Experiencing Vincent Van Gogh in San Francisco


My first dive into Vincent Van Gogh's art and legacy was at the Van Gogh Museum in Amsterdam. In the neatly arranged two-story exhibit, we viewed his paintings in the typical setting; a frame here, a paragraph of text there.

We examined some of the Dutch artist's most famous works and learned the sad story of his life; a quiet child who grew into a Protestant missionary, and then into the avant-garde painter with tenuous mental health who became famous after his untimely death in 1890.


More than 140 years later, Van Gogh's art is scattered in many of the art museums I've visited around the country; an almost unimpressive feat considering the wide breadth of his work, numbering more than 2,000 pieces. It's easy to discount the genius of this man's work and think, yes, another Van Gogh, so what?


That's why when we visited the Immersive Van Gogh Exhibit in San Francisco, I was pleasantly surprised in the exhibit's ability to breath new life into his paintings. By pairing more than 400 of his masterpieces with music and light in a way no one had considered previously, we all met Van Gogh again, as if for the first time.

  • 40 projectors
  • 56,000 frames of video
  • 400 images contributed from the world's foremost art galleries
  • 510 feet of truss
  • 240 hours of art blending

The immersive experience projected Van Gogh's paintings on the walls and floor, surrounding us from every side as we sat on cushions and benches, looking upward.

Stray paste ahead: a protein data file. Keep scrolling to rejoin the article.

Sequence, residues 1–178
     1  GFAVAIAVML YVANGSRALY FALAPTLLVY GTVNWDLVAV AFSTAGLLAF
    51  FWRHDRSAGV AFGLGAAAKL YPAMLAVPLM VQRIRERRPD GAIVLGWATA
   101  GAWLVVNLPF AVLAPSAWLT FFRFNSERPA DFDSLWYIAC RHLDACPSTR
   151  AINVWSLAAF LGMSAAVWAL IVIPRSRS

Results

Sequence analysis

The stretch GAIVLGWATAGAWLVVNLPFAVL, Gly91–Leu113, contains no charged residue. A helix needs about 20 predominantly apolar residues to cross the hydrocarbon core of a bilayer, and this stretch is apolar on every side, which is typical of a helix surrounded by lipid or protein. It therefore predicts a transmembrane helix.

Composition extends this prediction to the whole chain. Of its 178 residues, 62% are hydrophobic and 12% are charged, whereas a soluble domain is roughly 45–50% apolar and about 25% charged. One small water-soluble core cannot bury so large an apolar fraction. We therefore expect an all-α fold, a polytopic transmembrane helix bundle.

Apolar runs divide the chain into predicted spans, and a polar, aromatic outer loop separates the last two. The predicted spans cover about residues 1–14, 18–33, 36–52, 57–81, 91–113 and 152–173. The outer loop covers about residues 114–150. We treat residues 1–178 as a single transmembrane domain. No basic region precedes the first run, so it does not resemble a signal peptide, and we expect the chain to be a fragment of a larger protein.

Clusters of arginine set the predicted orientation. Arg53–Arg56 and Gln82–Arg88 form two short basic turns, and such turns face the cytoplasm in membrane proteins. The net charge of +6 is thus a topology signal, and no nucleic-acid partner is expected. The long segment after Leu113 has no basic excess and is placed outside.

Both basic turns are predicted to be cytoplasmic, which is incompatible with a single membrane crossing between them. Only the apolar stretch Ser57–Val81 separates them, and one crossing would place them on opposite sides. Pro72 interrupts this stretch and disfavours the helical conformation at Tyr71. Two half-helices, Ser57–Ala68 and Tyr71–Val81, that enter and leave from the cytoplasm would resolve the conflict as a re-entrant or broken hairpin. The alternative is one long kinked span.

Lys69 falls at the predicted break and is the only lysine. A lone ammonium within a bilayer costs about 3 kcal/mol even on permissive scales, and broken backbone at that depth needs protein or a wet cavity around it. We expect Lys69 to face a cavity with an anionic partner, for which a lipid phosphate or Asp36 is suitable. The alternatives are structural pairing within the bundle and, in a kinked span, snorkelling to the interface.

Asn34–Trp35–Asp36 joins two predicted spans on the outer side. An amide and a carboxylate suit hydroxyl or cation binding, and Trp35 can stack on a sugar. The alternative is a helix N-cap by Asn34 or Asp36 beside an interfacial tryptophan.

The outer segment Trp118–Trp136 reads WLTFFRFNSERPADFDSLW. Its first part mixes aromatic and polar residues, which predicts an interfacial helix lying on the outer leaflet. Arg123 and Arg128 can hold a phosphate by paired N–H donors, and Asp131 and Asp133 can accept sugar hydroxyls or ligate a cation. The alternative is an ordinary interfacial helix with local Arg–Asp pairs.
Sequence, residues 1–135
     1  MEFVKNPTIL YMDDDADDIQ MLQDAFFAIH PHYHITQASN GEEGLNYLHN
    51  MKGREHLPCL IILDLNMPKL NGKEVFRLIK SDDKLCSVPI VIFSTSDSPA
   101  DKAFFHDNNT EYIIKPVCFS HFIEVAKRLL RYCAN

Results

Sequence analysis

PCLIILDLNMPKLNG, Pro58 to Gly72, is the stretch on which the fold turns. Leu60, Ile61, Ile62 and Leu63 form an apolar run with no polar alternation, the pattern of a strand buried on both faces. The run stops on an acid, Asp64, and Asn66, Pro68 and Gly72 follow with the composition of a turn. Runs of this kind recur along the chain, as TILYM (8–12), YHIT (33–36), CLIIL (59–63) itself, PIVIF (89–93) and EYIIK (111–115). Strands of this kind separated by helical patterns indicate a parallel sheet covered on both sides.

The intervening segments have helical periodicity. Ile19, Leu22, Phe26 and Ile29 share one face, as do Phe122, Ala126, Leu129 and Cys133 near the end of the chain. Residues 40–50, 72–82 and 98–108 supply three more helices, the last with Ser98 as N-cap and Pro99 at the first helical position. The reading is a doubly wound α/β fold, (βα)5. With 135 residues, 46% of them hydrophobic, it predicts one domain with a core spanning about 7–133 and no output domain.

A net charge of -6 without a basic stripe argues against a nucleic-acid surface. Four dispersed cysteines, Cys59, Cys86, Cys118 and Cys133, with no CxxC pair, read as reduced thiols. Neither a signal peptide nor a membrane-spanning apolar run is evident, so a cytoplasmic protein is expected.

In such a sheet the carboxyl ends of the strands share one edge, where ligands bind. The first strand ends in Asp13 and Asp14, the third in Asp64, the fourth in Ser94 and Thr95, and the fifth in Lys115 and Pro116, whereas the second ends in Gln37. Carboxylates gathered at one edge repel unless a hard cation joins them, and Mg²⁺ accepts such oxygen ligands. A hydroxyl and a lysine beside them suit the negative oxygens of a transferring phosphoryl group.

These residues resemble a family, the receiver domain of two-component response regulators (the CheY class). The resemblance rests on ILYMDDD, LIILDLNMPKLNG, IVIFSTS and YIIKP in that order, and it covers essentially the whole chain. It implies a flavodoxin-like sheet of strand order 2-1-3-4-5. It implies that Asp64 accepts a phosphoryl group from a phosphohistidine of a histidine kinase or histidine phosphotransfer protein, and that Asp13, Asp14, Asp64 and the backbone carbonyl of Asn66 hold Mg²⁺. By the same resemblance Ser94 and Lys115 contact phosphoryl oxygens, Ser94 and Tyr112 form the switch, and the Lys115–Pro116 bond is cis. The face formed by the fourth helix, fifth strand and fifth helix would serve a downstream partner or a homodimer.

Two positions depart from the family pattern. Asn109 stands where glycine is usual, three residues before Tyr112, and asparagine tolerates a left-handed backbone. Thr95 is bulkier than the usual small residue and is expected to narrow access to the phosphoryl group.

These were not images flashed on and off a screen, like in a PowerPoint presentation. As each new image slowly painted across the room with 10 foot tall brushstrokes, the music would change to match the tone; some songs light and vocal, other slow and instrumental.


The art had no frame, no beginning or end, just 300,000 feet of seamless flow in a continuous panorama around the cavernous hall.

Play the video below to see a one minute video summary of the gorgeous 75 minute presentation.


"There is no blue without yellow and without orange." ~ Vincent Van Gogh


"The exhibit is designed and conceived by Massimiliano Siccardi, with soundtrack by Luca Longobardi, both of whom pioneered immersive digital art experiences in France." - vangoghsf.com


Interested in seeing the immersive Van Gogh experience for yourself? The exhibit is currently showing in dozens of cities in the United States and around the world. I would list them here, but more are added all the time.

Click here to find your city.


Click here to see a gallery of Van Gogh's most famous works, curated at the Van Gogh Museum in Amsterdam, many of which were featured at the immersive experience.


"Comprised of over 4 trillion content pixels, this high-resolution portrayal of Van Gogh’s work gives guests the opportunity to become one with his paintings." - vangoghportland.com


"Golden Gate at Night" bridge sculpture near the ticket counter, made especially for the San Francisco exhibit by muralist Nathaniel J. Bice.


Looking for more fun things to do in San Francisco? Here are a few ideas:

Visit DriveSwimFly again for stories about these exciting activities, publishing soon:

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  • Dragon Dancers in America's Oldest Chinatown
  • Haunting Ghost Stories from Alcatraz Island
  • Levi Strauss - The History of American Jeans
  • Levi Strauss - Museum of Retro to Modern Jeans